Whether it’s a new-to-you daily driver or the Euro classic you’ve always dreamed of, surfing the second-hand market is the only way to find what you’re after. That’s a good thing in many ways; you won’t be hit as hard with depreciation, major repairs may have already been taken care of, and the model might already be scratched to where you don’t have to worry about it. However, if you aren’t careful, buying used can be just as expensive and frustrating as buying new. Sellers aren’t always transparent, and that good deal you just picked up might be a disaster waiting to happen. Instead of relying on the seller, check out this handy guide and bring some tricks to your next purchase to ensure you see all the red flags.
Mismatched/Poor Condition Tires
General maintenance on a vehicle is the ultimate sign of responsible ownership. Sure, a lapse in maintenance won’t always be the worst, but the quality of parts also strongly indicates how well it was treated. The tires are the easiest of the regular maintenance items to look out for. Big and directly on the outside of the vehicle, there are a couple of ways you can check them out to ensure they’re up to spec and what you need.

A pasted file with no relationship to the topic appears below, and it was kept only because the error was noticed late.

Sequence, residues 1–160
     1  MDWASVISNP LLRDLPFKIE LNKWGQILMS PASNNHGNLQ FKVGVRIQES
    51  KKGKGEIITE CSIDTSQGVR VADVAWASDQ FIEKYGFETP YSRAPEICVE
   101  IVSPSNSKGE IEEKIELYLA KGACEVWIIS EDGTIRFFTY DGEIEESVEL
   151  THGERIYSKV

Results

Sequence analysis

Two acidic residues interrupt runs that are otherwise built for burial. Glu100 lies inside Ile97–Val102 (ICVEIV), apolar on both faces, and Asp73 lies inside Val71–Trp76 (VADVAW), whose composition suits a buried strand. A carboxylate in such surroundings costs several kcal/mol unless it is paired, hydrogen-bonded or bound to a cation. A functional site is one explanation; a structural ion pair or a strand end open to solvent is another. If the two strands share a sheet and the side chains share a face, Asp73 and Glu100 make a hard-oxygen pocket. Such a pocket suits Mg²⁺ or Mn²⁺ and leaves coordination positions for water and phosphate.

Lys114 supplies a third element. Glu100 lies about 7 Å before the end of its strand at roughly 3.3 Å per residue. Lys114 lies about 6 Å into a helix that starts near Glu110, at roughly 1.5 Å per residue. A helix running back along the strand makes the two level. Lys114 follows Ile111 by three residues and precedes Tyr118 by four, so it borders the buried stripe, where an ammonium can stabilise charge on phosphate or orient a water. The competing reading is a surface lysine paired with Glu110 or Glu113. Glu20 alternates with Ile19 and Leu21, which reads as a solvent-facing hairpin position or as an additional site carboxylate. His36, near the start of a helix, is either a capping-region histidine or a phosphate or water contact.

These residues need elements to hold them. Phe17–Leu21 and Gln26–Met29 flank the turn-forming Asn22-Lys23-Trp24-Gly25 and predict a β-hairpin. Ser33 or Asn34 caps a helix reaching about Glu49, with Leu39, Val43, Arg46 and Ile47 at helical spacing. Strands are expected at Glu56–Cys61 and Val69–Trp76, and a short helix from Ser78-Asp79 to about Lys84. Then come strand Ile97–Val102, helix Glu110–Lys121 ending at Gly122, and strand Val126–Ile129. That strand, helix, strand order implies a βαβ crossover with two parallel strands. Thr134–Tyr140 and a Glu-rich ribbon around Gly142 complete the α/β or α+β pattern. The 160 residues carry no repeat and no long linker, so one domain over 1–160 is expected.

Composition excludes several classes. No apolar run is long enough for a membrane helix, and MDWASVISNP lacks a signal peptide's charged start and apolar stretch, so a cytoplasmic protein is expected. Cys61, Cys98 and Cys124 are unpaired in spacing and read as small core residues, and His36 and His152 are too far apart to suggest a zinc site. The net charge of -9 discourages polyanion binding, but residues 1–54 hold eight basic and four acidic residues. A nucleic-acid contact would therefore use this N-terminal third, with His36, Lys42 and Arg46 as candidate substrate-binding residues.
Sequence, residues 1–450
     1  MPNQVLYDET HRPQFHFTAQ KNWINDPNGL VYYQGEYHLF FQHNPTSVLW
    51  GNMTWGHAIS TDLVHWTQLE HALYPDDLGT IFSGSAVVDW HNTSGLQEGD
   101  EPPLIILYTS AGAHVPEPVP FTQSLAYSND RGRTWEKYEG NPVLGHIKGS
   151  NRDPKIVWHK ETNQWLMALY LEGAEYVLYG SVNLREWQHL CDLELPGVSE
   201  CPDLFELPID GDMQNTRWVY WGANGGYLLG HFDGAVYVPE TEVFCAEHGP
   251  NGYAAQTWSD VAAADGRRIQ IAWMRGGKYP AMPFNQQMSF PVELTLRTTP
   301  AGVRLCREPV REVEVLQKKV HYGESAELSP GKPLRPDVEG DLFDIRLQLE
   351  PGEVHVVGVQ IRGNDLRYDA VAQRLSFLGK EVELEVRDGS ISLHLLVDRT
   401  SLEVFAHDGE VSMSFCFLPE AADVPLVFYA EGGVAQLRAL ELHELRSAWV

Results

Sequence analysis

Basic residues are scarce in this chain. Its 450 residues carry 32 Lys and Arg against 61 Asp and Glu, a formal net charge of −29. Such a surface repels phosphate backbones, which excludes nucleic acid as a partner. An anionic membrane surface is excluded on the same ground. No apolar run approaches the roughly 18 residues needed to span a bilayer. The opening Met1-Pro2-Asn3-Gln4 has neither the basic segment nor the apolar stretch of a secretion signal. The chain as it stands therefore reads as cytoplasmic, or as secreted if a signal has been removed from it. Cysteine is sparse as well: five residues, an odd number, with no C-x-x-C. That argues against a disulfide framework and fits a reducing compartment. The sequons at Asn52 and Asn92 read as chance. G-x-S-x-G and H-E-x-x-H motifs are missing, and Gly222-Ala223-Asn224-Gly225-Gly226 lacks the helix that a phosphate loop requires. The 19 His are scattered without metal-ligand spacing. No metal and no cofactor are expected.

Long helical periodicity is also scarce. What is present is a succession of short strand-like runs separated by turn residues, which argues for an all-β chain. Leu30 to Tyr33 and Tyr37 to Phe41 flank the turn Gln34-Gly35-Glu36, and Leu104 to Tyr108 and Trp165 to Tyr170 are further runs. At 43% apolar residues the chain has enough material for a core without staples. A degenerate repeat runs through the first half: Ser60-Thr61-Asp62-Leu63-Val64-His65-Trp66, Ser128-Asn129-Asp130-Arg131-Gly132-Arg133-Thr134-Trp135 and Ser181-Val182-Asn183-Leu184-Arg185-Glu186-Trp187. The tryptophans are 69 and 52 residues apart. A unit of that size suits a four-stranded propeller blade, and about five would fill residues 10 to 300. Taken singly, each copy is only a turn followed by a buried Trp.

Firstly, examine the brand of the tire. There are many quality manufacturers out there for reasonable prices, and even lower-end products like BF Goodrich and Cooper make respectable products. What you don’t want to see are the companies like Tiger Paw, Goodride, Westlake, and Linglong. Chinese tire companies don’t have the best reputation, and it’s for good reason. Tires are directly responsible for how your car brakes, rides, and handles, and that’s all down to the rubber’s chemical makeup. Tests have shown that the Chinese brands all stop and handle significantly worse than comparable American, European, and Japanese brands. That means a greater chance of risk under all driving situations because the previous owner was trying to save a couple of bucks.
You’ll also want to ensure that each tire is of the same brand and type. While a mismatch isn’t the end of the world, it does show a lack of care when it comes to replacements. The differing brand and/or type of tire will also affect how the vehicle drives. Mismatched treadwear patterns and compounds can cause the steering to feel nervous or numb as they give differing characteristics to each wheel. It can also screw up traction control and speedometer readings, as the tires may be different sizes, causing the wheels to rotate at different speeds while straight.